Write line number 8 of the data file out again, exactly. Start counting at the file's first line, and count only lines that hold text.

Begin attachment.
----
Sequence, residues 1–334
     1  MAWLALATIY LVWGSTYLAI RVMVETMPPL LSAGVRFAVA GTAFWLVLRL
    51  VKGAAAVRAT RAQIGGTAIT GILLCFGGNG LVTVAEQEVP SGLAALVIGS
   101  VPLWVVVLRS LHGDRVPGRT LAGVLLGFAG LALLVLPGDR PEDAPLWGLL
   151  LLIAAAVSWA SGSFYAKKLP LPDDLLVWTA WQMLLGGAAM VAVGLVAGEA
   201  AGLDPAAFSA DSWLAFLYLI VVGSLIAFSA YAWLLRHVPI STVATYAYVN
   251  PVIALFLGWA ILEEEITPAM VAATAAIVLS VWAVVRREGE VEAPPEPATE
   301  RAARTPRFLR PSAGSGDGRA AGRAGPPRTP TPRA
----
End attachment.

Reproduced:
   301  RAARTPRFLR PSAGSGDGRA AGRAGPPRTP TPRA